This past Tuesday, the second of two community meetings regarding the future design of the Valley portion of the L.A. River path and greenway was held at Los Angeles Valley College with an audience of a number of different stakeholders.
Having a connected path across the length of the San Fernando Valley will have a transformative effect, as this route will provide better links for many residents to transit and commercial districts.
This board illustrates some of the neighborhood’s characteristics along the bikeway.
Another feature of this plan is to create a number of green spaces along the river to give the path its own distinctive feel, like New York’s High Line.
While there are portions of the L.A. River Valley path that are either complete or currently in construction, there are still another 12.5 miles that needs to be built to make this a continuous path. This is the study to fill that gap.
The L.A. River Valley Path and Greenway provides a number of park space opportunities of varying size.
One of the obstacles here in the planning stages is designing around the 23 street crossings the path negotiates.
Many of these junctions will be crossed either by bridges or underpasses, but certain intersections will not have these options available as they face such obstructions as utility lines, structural issues, and maintaining the river’s flow.
In some cases, the route will be rerouted away from the river, as in this segment in Studio City circumventing CBS Studios.
In some of these circumstances, engineers are recommending a number of at-grade crossings, especially east of the 405 Freeway.
With many these alignments occurring at mid-block, LACBC wants to ensure that these crossings are made as safe as possible.
The series of crossings near the Sepulveda Basin provides some challenges.
Another hurdle that the path faces is its passage through the Sepulveda Basin. Crossing the 405 Freeway poses engineering issues as well as designing the bikeway’s alignment with the Sepulveda Dam. Building a bridge to span ten lanes of high speed traffic with limited space to place landings requires a solution that needs more study.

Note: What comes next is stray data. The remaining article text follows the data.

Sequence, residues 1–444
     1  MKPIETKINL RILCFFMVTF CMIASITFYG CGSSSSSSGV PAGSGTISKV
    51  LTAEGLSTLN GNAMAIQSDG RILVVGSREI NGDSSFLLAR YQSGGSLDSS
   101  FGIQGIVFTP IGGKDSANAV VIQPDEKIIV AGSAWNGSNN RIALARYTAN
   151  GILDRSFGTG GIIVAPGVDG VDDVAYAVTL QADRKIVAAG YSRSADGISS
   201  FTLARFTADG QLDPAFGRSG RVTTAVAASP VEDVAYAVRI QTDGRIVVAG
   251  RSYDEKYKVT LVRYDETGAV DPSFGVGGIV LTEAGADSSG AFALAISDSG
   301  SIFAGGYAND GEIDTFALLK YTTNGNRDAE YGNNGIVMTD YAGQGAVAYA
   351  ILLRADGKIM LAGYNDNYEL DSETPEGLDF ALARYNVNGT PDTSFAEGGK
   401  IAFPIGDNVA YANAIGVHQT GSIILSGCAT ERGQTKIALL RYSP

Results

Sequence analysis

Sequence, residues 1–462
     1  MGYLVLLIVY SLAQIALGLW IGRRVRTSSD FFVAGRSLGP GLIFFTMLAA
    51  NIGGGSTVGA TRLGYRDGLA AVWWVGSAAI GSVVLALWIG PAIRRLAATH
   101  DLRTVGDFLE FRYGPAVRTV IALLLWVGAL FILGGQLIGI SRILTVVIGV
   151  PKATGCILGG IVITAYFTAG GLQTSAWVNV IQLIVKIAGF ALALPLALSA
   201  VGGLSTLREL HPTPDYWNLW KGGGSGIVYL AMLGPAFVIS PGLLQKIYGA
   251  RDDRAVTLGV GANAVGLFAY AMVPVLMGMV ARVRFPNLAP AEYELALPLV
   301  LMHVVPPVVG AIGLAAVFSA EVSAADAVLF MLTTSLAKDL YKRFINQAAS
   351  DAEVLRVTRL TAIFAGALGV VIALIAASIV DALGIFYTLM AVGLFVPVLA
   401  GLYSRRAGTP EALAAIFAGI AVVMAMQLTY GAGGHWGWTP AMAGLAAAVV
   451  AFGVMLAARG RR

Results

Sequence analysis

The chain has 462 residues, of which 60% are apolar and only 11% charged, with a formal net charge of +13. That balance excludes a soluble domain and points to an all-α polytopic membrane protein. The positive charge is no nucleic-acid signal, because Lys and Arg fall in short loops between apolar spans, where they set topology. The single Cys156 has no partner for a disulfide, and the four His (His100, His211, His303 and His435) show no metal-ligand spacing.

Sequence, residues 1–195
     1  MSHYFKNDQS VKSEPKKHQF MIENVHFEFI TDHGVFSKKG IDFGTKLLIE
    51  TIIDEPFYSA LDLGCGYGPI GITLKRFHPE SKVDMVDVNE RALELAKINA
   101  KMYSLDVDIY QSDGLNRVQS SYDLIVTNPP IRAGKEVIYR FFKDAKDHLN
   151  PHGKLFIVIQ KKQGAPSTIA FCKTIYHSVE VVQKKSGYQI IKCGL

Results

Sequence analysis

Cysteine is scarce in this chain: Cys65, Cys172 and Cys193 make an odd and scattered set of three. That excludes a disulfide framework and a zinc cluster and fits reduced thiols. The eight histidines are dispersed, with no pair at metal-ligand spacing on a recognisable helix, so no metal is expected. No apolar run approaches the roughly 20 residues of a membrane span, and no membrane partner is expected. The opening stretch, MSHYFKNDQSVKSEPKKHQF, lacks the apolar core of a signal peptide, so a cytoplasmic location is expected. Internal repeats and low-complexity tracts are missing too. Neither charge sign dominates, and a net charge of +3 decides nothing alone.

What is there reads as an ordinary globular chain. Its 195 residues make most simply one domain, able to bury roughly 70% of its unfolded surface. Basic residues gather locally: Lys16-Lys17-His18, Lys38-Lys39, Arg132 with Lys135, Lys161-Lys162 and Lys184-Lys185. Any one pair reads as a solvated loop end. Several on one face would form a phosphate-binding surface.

A map of the proposed Sepulveda Basin segment including the northern detour to the Orange Line Busway Bike Path.
One of the interim solutions to deal with this area is creating a bike boulevard along Noble Ave to connect with the Orange Line Busway Bike Path to detour cyclists through Balboa Park.
Nur Malhis from the City of Los Angeles Department of Engineering opened the floor to the many questions and comments the audience had.
The presentation was led by Project Manager Nur Malhis.
Glenn Bailey of the Los Angeles City Bicycle Advisory Committee brought up his concern about the bike path’s maintenance being located within the Sepulveda Basin.
During heavy rains, the surrounding Balboa Park Bike Path is covered by soot for days as the area still serves as a flood control basin.
Some of the notes on the bikeway’s detour on Noble Ave.
Valley cycling advocate Dennis Hindman also noted that underpasses should be designed in a fashion that users entering can also see the exit for safety reasons.
For a project of this scope, there are many other issues that still need to be resolved with the routing, crossings and connections with park space.
A number of options are in play for the bikeway’s crossing at Vineland.
The design team will be making another presentation in Spring of 2017 incorporating input from these meetings.
With the project not slated to be complete until 2025-2028, according to the Measure M Expenditure Plan, we will still be seeing the bikeway’s plan developing for the next few years.
As the river becomes a hotter commodity and developers built alongside it, LACBC has to ensure that local benefits coming from those projects will also include pedestrian and cycling improvements.
The L.A. River Valley Path and Greenway will develop into one of San Fernando Valley’s signature landmarks, and LACBC is glad about the role cycling will play in this transformation.